Son of Rambow

Like Billy Elliot, but schlockier.

Bill Milner (right) as Will Proudfoot and Will Poulter (left) as Lee Carter in Son of Rambow

Son of Rambow (Paramount Vantage) belongs to a mini-genre of films about socially disadvantaged children who find liberation from their grim circumstances by making art. Roll your eyes all you want, but just try watching the “chance to dance” scene in Billy Elliot without feeling your heart lift. The second outing from Garth Jennings and Nick Goldsmith, the director/producer team who made the hit-or-miss Hitchhiker’s Guide to the Galaxy, lacks Billy Elliot’s tonal control, and the two nonprofessional kids who play the leads aren’t quite as life-threateningly adorable as Jamie Bell. Still, Son of Rambow bristles with the anarchic energy of late childhood and a genuine respect for the life-changing power of movies—even (or especially) the schlocky ones.

In an English village in the mid-1980s, 11-year-old Will Proudfoot (Bill Milner) is a shy, scrawny boy whose family belongs to a strict religious sect called the Brethren, in which all forms of modern entertainment are forbidden. Though he’s never seen a movie, Will’s imagination is richly cinematic: He secretly draws flip-art stories on the pages of his Bible and entertains wild fantasies about flying dogs and bucket-headed scarecrows. When the school bully, Lee Carter (Will Poulter), conscripts the hapless Will to appear as a stuntman in his home-video remake of Rambo: First Blood, Will proves to be not only a game-for-anything action star but a creative partner. Soon the remake has become an ambitious sequel, Son of Rambow. (The misspelling is Will’s but is no doubt intended to help viewers distinguish this movie from Stallone’s franchise as well.)

Will and Lee have little in common beyond an infatuation with moviemaking and a blithe disregard for physical danger, but collaborating on a fantasy about rescuing Rambo from his jungle captors brings the two lonely boys, both fatherless for different reasons, closer together. Yet the project, and their friendship, are threatened when an older, super-popular French exchange student, Didier Revol (Jules Sitruk, sublimely supercilious in a skunk-striped forelock and pointy New Wave boots), begins to horn in on the production.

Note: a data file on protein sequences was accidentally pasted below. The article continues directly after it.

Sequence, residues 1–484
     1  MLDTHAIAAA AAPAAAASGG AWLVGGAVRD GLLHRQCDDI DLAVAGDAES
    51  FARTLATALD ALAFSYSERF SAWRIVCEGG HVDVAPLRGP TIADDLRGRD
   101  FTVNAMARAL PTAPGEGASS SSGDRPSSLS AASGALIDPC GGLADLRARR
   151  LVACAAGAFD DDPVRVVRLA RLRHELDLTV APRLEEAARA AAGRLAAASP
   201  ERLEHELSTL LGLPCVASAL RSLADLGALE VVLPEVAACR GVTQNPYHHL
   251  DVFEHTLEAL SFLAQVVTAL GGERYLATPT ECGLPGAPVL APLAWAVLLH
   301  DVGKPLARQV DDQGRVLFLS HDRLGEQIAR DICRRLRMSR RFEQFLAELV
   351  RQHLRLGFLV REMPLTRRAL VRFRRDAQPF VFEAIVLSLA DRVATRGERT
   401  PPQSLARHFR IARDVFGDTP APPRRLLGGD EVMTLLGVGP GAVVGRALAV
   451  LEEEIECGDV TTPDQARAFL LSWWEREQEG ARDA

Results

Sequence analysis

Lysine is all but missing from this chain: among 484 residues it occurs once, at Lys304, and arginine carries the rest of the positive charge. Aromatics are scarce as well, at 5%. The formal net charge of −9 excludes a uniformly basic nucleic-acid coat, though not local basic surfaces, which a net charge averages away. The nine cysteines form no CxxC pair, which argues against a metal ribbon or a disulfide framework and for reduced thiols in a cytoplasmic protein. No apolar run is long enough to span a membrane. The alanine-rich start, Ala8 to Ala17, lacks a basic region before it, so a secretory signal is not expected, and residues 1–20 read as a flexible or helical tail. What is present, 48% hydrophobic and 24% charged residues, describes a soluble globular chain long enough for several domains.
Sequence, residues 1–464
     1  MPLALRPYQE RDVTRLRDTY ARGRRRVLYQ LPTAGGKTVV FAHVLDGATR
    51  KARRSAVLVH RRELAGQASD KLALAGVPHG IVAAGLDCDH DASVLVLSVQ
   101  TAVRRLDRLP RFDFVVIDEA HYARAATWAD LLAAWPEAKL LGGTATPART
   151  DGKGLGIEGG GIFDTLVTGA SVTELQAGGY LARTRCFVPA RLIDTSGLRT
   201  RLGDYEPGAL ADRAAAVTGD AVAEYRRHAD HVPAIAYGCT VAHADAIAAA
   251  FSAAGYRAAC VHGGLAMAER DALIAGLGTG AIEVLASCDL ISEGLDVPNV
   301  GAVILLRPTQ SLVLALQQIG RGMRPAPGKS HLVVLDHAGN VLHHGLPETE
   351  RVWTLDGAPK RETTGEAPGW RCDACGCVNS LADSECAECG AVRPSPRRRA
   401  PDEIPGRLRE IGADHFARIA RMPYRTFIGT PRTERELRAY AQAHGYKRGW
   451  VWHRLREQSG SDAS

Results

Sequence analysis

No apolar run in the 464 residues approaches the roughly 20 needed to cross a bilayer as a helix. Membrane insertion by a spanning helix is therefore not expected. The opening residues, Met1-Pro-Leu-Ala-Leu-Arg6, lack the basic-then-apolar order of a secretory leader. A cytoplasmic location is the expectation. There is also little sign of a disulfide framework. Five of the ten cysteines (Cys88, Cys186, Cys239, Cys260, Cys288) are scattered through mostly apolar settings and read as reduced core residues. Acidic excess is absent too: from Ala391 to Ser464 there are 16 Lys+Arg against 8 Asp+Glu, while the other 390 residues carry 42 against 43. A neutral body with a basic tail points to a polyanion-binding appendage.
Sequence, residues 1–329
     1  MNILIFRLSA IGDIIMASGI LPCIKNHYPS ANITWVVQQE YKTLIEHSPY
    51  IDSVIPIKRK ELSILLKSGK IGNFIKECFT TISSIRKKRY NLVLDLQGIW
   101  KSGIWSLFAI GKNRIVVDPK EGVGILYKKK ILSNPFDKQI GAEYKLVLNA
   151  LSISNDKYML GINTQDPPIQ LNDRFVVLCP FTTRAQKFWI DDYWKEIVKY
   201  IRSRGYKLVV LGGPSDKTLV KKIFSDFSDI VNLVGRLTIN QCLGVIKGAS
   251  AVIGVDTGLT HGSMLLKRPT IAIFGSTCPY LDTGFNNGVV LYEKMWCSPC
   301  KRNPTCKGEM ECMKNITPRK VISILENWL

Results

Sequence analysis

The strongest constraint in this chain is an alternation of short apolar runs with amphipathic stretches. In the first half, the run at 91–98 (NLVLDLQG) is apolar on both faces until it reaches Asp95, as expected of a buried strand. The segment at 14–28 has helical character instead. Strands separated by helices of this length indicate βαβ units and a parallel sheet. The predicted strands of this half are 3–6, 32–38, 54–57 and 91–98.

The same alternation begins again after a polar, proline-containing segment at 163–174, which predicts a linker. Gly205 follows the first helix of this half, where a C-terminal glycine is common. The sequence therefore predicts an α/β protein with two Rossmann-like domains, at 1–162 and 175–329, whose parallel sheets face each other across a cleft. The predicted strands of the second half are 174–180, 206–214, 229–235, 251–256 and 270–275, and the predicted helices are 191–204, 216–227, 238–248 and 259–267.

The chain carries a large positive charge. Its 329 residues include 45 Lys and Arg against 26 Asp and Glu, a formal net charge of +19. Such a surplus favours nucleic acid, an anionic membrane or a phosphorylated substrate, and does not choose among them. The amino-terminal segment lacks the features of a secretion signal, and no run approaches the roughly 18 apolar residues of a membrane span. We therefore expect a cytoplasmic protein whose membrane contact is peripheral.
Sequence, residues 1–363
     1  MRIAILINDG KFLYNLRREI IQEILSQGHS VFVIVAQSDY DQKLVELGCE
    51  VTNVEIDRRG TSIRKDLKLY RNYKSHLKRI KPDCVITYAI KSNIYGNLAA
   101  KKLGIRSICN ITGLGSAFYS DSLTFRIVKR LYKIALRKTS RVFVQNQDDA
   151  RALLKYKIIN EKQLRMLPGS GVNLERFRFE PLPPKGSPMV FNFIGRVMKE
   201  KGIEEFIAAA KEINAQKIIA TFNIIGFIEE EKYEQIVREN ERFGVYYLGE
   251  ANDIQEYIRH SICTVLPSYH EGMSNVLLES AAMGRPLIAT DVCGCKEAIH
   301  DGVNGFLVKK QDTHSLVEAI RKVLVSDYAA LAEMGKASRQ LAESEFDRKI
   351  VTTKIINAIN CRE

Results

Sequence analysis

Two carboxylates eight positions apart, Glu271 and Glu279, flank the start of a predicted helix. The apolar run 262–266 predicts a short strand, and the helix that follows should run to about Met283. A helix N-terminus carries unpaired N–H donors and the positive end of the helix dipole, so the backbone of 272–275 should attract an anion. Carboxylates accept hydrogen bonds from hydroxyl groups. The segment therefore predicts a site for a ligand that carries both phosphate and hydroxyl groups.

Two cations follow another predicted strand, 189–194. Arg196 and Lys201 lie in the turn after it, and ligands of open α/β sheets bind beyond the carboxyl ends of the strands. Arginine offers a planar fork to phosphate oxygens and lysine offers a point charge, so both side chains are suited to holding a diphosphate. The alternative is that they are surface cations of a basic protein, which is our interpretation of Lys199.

Son of Rambow is about children but not necessarily for them. Like a vintage John Hughes movie, it’s best appreciated by those just old enough to look back on their school days with a cringing nostalgia. Indeed, one party scene in the older kids’ common room is a consciously Hughesian celebration of ‘80s junior-high decadence: Boys in asymmetrical haircuts line-dance to Depeche Mode, girls in fuchsia eye shadow loll about sniffing scented erasers, and the younger boys look on with awe (in Will’s case) or scorn (in Lee’s). When it’s reconstructing the dollhouse world of middle-school social hierarchies, the movie has a tongue-in-cheek tone that’s detached and romantic at the same time, like the well-chosen New Wave classics on the soundtrack.

But Like Michel Gondry’s Be Kind Rewind, another recent indie about a pair of likable losers shooting homemade epics on a camcorder, Son of Rambow ultimately founders in sentimentality. The last 15 or so minutes pile one misstep onto another. First, Will and Lee’s embrace of high-risk filmmaking catches up with them in an implausible and melodramatic climax; then, a previously unimportant character suddenly takes on unearned emotional significance in a hasty, sappy resolution. The last scene, meant to send audiences out on a cloud of good feeling, had me sinking down in my seat with its pre-telegraphed obviousness. But then the Cure’s “Close to Me” kicked in over the credits, and I remembered the two leads’ unaffected sweetness and absurd acts of derring-do, and I sort of wanted to sit through it again.